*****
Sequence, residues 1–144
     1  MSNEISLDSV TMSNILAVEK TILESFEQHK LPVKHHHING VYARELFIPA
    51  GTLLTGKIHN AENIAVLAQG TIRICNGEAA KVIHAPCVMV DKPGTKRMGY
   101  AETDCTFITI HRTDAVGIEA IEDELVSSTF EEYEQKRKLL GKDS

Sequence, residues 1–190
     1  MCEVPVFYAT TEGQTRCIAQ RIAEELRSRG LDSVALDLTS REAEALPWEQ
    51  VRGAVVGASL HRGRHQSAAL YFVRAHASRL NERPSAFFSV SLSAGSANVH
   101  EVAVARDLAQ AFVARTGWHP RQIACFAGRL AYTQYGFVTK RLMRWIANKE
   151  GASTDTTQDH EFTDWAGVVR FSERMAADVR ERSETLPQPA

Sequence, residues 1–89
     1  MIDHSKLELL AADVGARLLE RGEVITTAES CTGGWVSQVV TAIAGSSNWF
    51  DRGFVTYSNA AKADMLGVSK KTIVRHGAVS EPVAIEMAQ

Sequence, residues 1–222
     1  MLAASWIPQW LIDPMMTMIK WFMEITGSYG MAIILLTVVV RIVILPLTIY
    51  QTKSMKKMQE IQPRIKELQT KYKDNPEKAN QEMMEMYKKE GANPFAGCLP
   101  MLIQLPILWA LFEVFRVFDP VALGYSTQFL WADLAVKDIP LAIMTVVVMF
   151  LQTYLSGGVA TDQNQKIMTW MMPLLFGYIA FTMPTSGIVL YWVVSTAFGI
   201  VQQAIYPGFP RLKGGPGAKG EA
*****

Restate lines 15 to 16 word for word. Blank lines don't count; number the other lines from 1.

    51  QTKSMKKMQE IQPRIKELQT KYKDNPEKAN QEMMEMYKKE GANPFAGCLP
   101  MLIQLPILWA LFEVFRVFDP VALGYSTQFL WADLAVKDIP LAIMTVVVMF